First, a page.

Big Stump Trail
Talk about a little known trail that packs a punch – it is Big Stump Trail. This trail is listed on maps and signboards as a picnic area, not necessarily a hiking area. Don’t be fooled though, this is one of the best little strolls in the park! Located just off Highway 180 near the Kings Canyon Entrance, this area has ample space to park as well as picnic as well as big stumps to climb around on!
Kids will love this area as they can see actual sequoia trees that have been cut down and in a few instances they can even climb up on the stumps to see the world from a new perspective.
This beautiful lake between Grant Grove and Kings Canyon was initially built as a water supply for a flume. Now it’s a recreation area where you can swim or paddle boat. Much of the area is run by a Christian camp, but it is still open to the public and a beautiful place to explore on the land and in the water. Note, there are rules for bathing suits on the Christian camp side of the lake. Also, the burger shack here is supposed to be amazing as are the shakes!
Cedar Grove Area
There are two visitor centers in Kings Canyon. The one farthest into the canyon is Cedar Grove. This is a great place to come unwind along the river, grab some snacks and drinks and find out what trails you should visit in this section of the park. Note, the center is not always open, so don’t count on it for maps or snacks! If you have made it down this far into the canyon, it’s worth a quick peak and chat to the rangers to see what they recommend.
One of the most beautiful areas in the Kings Canyon area is down in the canyon at Zumwalt Meadows. This is a beautiful area with a super fun suspension bridge to walk across. This 1.5 mile walk is easy for families and offers stunning scenery. Since this area is quite far removed from other areas of the park, it is often quite empty. Perfect for a hot busy summer day! On the way here, make sure to stop off at Grizzly Falls. It’s a quick stop off the main road.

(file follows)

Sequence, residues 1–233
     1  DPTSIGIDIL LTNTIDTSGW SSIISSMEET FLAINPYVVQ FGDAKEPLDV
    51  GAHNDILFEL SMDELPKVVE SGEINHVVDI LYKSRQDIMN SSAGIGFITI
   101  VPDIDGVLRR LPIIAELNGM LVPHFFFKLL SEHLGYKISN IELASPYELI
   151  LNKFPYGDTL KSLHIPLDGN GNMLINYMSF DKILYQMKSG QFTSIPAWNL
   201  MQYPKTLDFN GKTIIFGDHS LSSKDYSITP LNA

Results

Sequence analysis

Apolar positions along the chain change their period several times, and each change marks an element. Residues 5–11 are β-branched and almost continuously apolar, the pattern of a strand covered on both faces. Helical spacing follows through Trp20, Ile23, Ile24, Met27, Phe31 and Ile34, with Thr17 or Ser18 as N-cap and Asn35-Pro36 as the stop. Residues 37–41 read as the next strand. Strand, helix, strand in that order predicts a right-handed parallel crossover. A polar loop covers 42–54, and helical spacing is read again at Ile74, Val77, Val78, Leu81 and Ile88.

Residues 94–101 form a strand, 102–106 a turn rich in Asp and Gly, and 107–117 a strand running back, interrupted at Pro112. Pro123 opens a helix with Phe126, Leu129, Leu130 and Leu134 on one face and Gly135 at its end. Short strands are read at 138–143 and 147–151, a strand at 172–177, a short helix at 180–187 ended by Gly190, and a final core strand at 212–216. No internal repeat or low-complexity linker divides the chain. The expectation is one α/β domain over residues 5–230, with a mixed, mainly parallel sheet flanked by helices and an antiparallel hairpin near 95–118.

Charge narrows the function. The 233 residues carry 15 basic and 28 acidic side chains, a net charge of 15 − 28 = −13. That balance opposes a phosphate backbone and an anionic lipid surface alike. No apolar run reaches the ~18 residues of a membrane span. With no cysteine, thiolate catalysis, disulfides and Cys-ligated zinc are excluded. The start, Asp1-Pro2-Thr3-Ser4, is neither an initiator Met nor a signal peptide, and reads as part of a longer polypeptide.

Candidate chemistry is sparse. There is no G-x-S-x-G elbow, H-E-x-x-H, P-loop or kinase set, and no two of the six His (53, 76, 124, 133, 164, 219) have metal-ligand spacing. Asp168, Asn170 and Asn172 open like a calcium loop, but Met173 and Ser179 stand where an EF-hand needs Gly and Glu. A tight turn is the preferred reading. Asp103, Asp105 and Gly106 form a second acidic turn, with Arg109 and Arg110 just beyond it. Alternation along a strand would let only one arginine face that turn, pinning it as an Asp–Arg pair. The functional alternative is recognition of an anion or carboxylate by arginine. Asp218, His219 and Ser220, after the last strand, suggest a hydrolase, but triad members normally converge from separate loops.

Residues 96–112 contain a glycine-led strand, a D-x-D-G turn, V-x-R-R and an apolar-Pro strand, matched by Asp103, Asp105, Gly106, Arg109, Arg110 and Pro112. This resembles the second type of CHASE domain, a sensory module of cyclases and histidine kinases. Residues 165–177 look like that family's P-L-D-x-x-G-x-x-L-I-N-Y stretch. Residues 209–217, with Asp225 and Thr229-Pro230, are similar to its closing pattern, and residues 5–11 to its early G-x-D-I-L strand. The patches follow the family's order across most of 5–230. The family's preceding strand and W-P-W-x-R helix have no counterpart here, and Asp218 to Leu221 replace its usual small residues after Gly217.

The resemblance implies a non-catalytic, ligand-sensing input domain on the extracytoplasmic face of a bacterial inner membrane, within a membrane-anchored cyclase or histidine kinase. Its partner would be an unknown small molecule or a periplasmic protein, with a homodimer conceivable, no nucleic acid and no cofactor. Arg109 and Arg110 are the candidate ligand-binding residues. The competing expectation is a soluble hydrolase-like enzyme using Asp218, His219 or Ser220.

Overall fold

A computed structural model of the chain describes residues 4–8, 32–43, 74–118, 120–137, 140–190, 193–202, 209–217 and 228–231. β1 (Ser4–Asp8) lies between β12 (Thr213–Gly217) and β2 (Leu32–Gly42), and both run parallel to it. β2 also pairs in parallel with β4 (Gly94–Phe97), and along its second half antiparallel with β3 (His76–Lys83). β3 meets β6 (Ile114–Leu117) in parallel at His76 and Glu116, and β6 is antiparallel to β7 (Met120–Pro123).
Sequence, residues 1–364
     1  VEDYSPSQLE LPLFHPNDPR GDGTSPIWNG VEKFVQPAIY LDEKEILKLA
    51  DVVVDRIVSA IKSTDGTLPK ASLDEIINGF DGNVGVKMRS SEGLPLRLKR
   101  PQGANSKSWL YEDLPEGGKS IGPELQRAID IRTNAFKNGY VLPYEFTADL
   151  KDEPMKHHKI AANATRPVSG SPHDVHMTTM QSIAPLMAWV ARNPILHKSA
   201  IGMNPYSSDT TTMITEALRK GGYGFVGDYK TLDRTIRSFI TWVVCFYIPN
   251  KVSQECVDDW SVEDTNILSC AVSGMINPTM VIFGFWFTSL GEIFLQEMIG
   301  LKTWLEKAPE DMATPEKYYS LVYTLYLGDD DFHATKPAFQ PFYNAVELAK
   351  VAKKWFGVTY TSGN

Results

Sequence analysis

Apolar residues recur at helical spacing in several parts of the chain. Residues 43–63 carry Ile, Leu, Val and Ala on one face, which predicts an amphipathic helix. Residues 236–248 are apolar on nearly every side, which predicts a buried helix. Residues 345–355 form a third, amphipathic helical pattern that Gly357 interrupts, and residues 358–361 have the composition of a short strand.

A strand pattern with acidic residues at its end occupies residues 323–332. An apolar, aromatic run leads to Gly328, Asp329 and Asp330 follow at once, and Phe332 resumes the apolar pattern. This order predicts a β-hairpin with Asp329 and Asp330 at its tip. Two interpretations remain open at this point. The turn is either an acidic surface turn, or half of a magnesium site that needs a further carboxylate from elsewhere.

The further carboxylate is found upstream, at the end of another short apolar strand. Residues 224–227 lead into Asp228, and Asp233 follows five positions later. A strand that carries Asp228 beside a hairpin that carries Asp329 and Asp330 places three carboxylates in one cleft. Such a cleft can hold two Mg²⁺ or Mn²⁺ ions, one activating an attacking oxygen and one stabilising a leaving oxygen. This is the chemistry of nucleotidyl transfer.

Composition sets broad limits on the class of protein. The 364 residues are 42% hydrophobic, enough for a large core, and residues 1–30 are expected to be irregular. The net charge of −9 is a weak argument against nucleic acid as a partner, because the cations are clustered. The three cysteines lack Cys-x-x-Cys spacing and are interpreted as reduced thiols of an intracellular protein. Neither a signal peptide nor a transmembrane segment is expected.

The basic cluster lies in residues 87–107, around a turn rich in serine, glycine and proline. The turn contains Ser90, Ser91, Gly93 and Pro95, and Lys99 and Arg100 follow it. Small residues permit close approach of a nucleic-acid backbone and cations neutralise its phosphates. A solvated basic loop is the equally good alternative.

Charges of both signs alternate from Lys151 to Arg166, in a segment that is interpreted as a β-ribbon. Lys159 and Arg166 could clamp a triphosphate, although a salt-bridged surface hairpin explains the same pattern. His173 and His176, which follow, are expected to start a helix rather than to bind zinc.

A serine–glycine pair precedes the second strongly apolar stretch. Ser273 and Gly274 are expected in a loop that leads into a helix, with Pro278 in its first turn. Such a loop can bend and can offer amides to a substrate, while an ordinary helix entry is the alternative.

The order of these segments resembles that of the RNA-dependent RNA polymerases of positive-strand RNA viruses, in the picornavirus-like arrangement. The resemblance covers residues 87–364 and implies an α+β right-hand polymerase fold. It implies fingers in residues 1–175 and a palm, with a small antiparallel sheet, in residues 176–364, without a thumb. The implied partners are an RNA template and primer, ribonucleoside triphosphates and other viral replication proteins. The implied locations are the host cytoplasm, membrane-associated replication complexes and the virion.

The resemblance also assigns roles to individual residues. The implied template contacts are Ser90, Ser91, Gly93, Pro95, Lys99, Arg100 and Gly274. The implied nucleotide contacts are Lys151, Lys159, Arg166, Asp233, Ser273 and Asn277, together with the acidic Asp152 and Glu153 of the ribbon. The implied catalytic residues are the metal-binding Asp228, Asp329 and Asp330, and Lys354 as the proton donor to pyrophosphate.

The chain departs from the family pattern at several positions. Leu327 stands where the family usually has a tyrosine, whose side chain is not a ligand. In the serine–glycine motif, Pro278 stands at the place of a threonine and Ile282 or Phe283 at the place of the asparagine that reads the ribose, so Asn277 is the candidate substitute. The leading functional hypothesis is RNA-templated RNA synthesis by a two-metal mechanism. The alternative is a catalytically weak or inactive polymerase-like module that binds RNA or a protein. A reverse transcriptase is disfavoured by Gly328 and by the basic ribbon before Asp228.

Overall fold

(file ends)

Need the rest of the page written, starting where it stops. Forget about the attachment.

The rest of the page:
Mist Falls Trail
Congratulations you have made it to Roads End! This is the furthest reach of road in Kings Canyon! Here, at the Road End is the start of the Mist Falls trail. This 8.7 mile trail is a bit strenuous for families with small children, but starts off mostly flat and meanders alongside a roaring river. For those who don’t have the stamina to make it the full way, you can always walk a bit and return the way you came once you start to get tired. But for those who can make it to the falls, you will be welcomed with some mist (hence the name!) and a beautiful scene unfolding before you. Again, this trail is quite far off the beaten path, so please come prepared with all your snacks, water and a full tank of gas!
Tips for Visiting Sequoia National Park in One Day